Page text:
“Lightning” Lee Murray was not only a UFC veteran who is known for officially facing off against Anderson Silva and unofficially knocking out then champion Tito Ortiz (who claims it was just slippery dress shoes!). The British fighter is also infamous for his involvement in the largest cash heist in British history.

A Showtime documentary called “Catching Lightning” has since been made about the historic Securitas heist in 2006, which Murray allegedly masterminded. Bloody Elbow has earlier spoken to director Pat Kondelis about how the intriguing documentary shaped up, Murray’s pretty unique story, and various other topics.

In part two of our in-depth interview Bloody Elbow’s Victor Rodriguez spoke to Kondelis about the strange details involving the Securitas heist.

Strange details from Lee Murray’s Securitas heist

Victor Rodriguez: Were you surprised at just how incompetent the planners of the heist were after the fact? How sloppy they were? I mean, to do something of this magnitude. To do what frankly was a ballsy, ingenious plan, get away with it, and then have it unravel during the course of the investigation. How much did that surprise you?

Pat Kondelis: It was shocking to see how meticulously they had planned the robbery and all of their preparation, their surveillance, to figure out these prosthetics, and to do all of these things, to have an inside man… and to essentially take $92 million in cash? That’s remarkable. And the ambition that you have to have to pull something off like this is absolutely insane. That said, it was like they never had a single conversation about what they were gonna do afterwards.

Everybody seems to be doing things a little bit differently. Lee’s money got into the banking system somehow. The police don’t know how that happened. He got whatever his cash portion was, his share. That ended up into the banking system. That’s amazing. Like, within days. That’s amazing. I don’t know how he did that. Lee was clearly, I think, smarter than the rest of them but even he made some horrendous mistakes with phone conversations, with DNA being left behind. It was not well-planned out what they were gonna do after the fact.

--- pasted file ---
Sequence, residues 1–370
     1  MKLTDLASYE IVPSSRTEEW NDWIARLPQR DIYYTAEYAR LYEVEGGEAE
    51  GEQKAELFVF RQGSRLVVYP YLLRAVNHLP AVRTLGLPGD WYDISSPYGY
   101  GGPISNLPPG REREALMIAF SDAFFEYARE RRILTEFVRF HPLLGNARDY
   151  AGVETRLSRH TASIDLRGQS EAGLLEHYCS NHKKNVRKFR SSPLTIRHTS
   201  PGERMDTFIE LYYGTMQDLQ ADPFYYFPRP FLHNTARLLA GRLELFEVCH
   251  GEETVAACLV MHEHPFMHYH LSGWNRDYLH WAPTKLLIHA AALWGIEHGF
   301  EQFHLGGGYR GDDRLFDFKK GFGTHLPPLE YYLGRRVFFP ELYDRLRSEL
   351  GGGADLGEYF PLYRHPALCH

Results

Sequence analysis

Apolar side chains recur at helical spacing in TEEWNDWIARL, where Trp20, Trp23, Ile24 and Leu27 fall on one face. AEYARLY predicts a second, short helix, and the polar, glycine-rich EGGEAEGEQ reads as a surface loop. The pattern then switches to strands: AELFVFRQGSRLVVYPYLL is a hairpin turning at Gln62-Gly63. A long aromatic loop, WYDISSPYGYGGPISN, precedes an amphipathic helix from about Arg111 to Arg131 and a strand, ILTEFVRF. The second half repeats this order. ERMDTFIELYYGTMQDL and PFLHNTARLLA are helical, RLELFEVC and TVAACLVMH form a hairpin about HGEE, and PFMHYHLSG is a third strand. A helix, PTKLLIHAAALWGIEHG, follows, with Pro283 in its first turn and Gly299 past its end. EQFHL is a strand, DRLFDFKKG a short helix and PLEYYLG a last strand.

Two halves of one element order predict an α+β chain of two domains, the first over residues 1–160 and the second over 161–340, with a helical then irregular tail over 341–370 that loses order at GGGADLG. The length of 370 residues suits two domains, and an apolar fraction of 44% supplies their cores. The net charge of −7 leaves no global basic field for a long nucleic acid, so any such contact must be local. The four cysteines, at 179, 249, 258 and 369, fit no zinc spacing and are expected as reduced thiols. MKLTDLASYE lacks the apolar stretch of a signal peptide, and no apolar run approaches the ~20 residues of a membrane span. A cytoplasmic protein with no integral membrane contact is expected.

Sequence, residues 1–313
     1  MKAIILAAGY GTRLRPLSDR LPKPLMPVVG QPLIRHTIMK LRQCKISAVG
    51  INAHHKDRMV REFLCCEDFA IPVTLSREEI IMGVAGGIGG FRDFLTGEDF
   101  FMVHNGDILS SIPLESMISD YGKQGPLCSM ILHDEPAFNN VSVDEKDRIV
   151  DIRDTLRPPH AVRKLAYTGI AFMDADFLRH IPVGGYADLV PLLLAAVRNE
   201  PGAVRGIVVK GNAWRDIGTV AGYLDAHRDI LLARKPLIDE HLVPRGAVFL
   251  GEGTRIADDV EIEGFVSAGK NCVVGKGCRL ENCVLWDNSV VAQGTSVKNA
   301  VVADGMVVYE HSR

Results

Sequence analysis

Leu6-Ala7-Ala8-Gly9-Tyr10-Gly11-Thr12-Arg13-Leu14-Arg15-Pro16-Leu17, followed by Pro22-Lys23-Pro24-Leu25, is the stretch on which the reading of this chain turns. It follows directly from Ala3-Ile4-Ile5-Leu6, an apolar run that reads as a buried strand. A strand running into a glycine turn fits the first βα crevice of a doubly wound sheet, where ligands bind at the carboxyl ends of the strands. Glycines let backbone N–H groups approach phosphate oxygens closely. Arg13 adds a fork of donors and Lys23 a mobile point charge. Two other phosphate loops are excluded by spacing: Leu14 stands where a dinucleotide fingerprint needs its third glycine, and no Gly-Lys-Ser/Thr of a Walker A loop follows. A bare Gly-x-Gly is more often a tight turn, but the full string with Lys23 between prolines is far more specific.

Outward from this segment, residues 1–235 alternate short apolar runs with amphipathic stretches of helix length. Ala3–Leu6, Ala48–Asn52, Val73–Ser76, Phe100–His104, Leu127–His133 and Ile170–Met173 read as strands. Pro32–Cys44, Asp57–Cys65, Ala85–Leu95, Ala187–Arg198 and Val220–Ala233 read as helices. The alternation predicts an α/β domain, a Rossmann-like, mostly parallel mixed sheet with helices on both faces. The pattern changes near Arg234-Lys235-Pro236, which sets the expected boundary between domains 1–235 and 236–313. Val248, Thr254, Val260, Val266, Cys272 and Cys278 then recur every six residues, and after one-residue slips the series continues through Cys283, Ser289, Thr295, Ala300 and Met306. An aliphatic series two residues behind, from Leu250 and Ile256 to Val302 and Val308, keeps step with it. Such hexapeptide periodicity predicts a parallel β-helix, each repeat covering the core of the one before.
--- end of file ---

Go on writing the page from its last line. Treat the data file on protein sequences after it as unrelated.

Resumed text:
VR: Do you personally, Pat Kondelis, believe Lee Murray when he says he was not the person that orchestrated the heist? 

PK: I do. I do. I think the facts point to that. I think he’s orchestrating in the depot, yes. He’s the guy, inside the depot. Because I think he’s got a history of being cool under pressure and when it matters most, he’s going to perform. But we’re able to show that surveillance video that’s never been shown, and who’s surveilling the Dixon house? It’s not Lee Murray. Who lived in the city where the depot was? It’s not Lee Murray. Who is on the phone – this is something nobody seems to pick up on – but in episode 3, spoiler alert here, but you hear the conversation that Lee Murray accidentally records with Lea Ruschea…

Read the full interview for free over at our Substack, which has far more details on Murray and the heist that wasn’t discussed on the documentary.

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About the author
Victor Rodriguez
Victor Rodriguez

Victor Rodriguez has been a writer and podcaster for Bloody Elbow since 2015. He started his way as a lowly commenter and moderator to become the miscreant he is now. He often does weekly bits on fringe martial arts items across the globe, oddball street combat pieces, previews, analysis, and some behind-the-scenes support. He has trained in wrestling, Karate, Brazilian Jiu-Jitsu, and the occasional Muay Thai and Judo lesson here and there. Victor has also been involved with acting and audio editing projects. He lives in Pennsylvania where he plays way too many video games and is an S-rank dad.

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